The next step is to run the whole story, a chapter at a time, through the Hemingway app, which is a free program. This app points out the frequent use of adverbs and passive voice. It also tells you if your sentences are difficult to read and when a phrase or word has a simpler alternative. This is especially useful when a writer tends to use too many adverbs, or, like me, uses the passive voice too often.

Another app that can be helpful is Grammarly. As an English teacher, I don’t really like this app, but in some cases, it will catch errors for me like the wrong use of a word, a misspelled word, or a comma error. I often disagree with it, so I don’t always use it, but it does sometimes show me errors I have missed. It’s worth using most of the time. You can use the free app or pay a little for the premium which gives more details about sentence structure and other things.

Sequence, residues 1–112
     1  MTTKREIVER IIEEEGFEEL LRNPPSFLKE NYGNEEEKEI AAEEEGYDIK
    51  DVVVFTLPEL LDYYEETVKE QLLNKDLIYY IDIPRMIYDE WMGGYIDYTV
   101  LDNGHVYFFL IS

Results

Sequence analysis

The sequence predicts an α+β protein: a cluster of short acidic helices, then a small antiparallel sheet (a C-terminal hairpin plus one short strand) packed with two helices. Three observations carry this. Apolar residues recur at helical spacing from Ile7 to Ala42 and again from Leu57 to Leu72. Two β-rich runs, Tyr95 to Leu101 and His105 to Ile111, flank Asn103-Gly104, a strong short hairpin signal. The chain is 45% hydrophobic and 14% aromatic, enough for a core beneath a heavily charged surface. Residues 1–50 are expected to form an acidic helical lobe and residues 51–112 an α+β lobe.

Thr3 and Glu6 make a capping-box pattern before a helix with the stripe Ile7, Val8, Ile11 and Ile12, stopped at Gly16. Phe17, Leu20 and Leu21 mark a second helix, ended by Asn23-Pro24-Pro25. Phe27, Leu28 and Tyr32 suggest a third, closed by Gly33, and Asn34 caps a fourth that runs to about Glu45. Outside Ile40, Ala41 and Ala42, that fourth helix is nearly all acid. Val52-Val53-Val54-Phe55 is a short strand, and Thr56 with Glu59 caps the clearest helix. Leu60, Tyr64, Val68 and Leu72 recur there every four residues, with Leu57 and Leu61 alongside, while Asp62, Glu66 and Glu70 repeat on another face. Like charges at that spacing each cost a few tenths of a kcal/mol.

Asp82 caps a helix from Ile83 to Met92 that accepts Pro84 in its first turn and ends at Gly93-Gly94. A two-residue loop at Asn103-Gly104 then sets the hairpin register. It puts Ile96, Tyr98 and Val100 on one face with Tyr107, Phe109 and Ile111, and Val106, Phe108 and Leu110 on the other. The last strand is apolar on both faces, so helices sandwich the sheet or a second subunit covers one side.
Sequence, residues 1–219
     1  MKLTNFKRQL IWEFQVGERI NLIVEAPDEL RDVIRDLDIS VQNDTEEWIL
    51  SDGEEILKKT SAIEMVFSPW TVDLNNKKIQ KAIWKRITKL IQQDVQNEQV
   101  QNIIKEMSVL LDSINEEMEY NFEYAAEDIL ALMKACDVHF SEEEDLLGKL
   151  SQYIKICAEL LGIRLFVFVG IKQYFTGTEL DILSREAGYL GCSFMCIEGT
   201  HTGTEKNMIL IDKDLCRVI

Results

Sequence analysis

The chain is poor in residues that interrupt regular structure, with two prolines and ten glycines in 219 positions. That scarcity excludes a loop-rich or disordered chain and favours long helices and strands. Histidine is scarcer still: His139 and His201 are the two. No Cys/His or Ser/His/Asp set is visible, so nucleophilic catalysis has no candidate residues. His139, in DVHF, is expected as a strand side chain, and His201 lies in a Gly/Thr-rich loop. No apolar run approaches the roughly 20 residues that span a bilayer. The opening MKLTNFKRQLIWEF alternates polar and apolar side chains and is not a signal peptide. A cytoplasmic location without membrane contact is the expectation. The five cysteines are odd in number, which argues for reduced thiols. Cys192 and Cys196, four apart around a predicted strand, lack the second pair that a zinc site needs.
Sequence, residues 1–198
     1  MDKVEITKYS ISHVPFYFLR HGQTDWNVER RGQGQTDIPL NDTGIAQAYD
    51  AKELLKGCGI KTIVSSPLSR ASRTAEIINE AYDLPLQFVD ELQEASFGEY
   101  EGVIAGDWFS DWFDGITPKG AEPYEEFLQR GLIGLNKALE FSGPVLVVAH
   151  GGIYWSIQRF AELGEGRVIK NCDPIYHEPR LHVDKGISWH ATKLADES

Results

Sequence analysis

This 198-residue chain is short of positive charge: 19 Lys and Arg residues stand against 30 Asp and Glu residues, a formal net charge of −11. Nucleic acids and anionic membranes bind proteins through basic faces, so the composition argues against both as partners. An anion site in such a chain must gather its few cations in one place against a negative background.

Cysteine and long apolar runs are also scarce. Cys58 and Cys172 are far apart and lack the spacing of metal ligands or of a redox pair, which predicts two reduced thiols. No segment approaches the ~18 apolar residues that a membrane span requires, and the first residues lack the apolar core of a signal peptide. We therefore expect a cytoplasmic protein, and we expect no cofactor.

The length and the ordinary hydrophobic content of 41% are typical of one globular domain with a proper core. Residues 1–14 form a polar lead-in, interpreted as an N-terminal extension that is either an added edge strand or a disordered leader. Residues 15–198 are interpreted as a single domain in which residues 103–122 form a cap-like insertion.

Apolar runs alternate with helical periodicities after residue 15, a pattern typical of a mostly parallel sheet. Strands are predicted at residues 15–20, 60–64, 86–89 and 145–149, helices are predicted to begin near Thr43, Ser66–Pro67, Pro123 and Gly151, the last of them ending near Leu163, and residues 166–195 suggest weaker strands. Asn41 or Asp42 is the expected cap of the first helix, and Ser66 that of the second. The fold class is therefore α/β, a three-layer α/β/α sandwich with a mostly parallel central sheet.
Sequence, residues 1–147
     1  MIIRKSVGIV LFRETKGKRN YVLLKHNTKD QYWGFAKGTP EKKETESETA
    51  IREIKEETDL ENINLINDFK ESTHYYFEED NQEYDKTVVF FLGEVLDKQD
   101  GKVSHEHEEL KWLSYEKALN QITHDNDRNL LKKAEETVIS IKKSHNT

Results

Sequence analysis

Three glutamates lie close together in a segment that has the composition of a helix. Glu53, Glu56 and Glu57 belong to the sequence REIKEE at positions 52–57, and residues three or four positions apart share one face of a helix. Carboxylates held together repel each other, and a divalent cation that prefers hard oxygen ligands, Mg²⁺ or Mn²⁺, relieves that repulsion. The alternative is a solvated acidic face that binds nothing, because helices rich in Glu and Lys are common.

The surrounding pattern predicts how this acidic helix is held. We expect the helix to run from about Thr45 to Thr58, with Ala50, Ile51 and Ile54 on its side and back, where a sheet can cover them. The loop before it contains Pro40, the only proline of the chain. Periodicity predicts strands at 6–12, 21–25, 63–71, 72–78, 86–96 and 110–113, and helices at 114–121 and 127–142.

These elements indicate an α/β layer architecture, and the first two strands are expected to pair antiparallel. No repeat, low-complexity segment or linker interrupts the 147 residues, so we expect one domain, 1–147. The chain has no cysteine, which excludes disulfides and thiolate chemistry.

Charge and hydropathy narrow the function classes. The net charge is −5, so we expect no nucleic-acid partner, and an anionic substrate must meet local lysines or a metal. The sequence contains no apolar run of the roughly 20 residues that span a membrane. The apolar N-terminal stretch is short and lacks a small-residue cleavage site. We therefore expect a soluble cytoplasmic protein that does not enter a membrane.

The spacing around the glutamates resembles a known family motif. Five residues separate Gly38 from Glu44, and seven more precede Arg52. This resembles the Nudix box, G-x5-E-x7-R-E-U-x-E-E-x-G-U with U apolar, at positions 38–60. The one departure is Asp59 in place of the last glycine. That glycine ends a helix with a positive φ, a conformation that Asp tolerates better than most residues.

Presently my book is with my first beta reader. This reader will look for plot holes, inconsistencies, and unrealistic scenes. If she notices any errors, she will note those as well. As an avid reader, she (my granddaughter who recently graduated college and has a career in marketing) is invaluable to me. She totally understands my need for complete honesty to improve my writing and make my book the best it can be.

Then I have two other beta readers who will read it to find errors, plot holes, ‘show, not tell’, and such. One is a retired English teacher, the other a librarian at a local public school, and both are writers. I would trust these people with my work any time. Their voluntary help is invaluable to me.